Hesman, Tina. "Pump Brings New Expectations for Artificial Heart." Omaha World-Herald (December 12, 1999).

Hopkins, Elaine. "Device Lets Heart Patient Await Transplant at Home." Journal Star (November 30, 1999).

Kinney, David. "Effective Artificial Heart Seems Within Reach." The Los Angeles Times (January 23, 2000).

Kolff, William. "Early Years of Artificial Organs at the Cleveland Clinic: Part II: Open Heart Surgery and Artificial Hearts." ASAIO Journal (May-June 1998): 123-128.

Kolff, William. "The Need for Easier Manufacturing of Artificial Hearts and Assist Devices and How This Need Can Be Met by the Vacuum Molding Technique." ASAIO Journal (January-February 1998): 12-27.

Kunzig, Robert. "The Beat Goes On." Discover (January 2000): 33-34.

M2 Communications. "Successful Blood Compatibility Tests for Micromedical's Artificial Heart." M2 PressWIRE (March 26, 1999).

Phillips, Winfred. "The Artificial Heart: History and Current Status." Journal of Biomechanical Engineering (November 1993): 555-557.

Takami, Y. et al. "Current Progress in the Development of a Totally Implantable Gyro Centrifugal Artificial Heart." ASAIO Journal (May-June 1998): 207-211.

Wilson, Steve. "A Life and Death Race Against Time. " Arizona Republic (November 14, 1999).

Yambe, T. et al. "Development of Total Artificial Heart with Economical and Durability Advantages." The International Journal of Artificial Organs (1998): 279-284.


"Progress on Development of an Artificial Heart." (December 29,2000).


Artificial Heart

views updated Jun 11 2018

Artificial heart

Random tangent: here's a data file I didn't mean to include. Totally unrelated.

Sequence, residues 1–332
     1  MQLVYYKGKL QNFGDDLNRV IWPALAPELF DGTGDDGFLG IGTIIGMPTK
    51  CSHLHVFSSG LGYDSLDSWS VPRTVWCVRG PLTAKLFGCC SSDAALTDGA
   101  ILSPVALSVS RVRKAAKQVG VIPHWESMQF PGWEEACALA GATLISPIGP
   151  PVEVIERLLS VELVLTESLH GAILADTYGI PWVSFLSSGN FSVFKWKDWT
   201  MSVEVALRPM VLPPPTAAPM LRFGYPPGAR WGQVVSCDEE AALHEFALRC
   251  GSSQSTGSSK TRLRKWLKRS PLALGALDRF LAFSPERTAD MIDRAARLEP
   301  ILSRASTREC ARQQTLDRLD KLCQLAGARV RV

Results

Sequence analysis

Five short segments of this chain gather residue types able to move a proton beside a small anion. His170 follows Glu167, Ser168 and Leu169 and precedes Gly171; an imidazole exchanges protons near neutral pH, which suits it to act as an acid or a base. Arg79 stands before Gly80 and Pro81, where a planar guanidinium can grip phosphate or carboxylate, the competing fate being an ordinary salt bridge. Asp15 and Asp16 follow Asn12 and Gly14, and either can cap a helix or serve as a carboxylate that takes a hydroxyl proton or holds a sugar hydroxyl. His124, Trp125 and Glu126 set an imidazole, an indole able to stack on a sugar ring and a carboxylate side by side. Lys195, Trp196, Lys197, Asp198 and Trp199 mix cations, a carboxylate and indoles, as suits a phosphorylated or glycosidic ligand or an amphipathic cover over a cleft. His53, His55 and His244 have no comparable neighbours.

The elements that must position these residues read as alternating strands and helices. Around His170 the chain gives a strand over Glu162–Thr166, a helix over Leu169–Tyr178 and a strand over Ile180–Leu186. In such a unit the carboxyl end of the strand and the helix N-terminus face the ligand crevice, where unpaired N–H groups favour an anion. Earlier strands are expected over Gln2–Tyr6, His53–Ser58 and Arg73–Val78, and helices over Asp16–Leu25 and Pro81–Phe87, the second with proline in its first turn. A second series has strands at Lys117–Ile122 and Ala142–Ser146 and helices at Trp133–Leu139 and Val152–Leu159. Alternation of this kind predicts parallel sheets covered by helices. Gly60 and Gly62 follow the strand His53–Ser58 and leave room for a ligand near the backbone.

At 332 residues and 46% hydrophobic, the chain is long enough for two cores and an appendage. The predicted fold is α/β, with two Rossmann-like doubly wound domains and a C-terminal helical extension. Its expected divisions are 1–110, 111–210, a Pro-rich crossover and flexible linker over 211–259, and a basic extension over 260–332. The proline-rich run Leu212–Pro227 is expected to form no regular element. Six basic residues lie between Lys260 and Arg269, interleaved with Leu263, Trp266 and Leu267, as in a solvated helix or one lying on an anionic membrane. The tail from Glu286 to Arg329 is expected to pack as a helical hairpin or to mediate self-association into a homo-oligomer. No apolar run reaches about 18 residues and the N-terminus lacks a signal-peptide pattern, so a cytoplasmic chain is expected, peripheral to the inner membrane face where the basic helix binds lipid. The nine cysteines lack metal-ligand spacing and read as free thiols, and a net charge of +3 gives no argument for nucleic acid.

The heart functions primarily as a pump to keep blood circulating through the body. Because the heart's job is so repetitive, medical researchers have long considered developing a mechanical pump to replace it. In 1935 French surgeon Alexis Carrel (1873-1944) and famed American aviator Charles Lindbergh (1902-1974) designed a perfusion pump. The perfusion pump was designed to work outside of the human body. Its job was to keep unattached organs, including the heart, alive by circulating blood through them.

Early Developments

The first completely artificial heart (called a "TAH") was implanted in 1957 in a dog at the Cleveland Clinic. Willem Kolff, a Dutch-born surgeon, and T. Akutsu perforned the surgery. Kolff later led a medical team at the University of Utah at Salt Lake City in perfecting the artificial heart. In 1964 the National Institutes of Health established an Artificial Heart Program to develop both partial and total artificial heart devices.

Michael DeBakey (1908-) designed and implanted a pneumatically-driven (worked by air pressure) component called a Left Ventricular Assist Device (LVAD) in 1966. The LVAD served the chamber of the heart that pumps blood out into the arteries. Since the majority of severe heart disease is caused by left the ventricle failure, this was a major development.

Human Experimentation

The first implantation of an artificial heart in a human being was carried out in 1969. Denton Cooley (1920-) and his surgical team at the Texas Heart Institute performed the surgery. The pneumatically driven Dacronlined plastic heart used in the procedure had been designed by Argentineborn Domingo Liotta. Implanted as a temporary measure, its goal was to keep a cardiac patient alive until a heart transplant could be performed.